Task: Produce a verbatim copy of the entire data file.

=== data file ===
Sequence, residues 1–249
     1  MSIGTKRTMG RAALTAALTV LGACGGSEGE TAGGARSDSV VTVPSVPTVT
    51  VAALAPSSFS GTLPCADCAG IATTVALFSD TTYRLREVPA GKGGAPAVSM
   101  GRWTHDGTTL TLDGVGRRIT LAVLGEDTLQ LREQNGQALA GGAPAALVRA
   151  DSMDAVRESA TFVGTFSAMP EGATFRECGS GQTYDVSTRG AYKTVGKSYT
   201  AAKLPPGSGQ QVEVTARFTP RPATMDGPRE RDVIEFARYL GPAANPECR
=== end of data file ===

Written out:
Sequence, residues 1–249
     1  MSIGTKRTMG RAALTAALTV LGACGGSEGE TAGGARSDSV VTVPSVPTVT
    51  VAALAPSSFS GTLPCADCAG IATTVALFSD TTYRLREVPA GKGGAPAVSM
   101  GRWTHDGTTL TLDGVGRRIT LAVLGEDTLQ LREQNGQALA GGAPAALVRA
   151  DSMDAVRESA TFVGTFSAMP EGATFRECGS GQTYDVSTRG AYKTVGKSYT
   201  AAKLPPGSGQ QVEVTARFTP RPATMDGPRE RDVIEFARYL GPAANPECR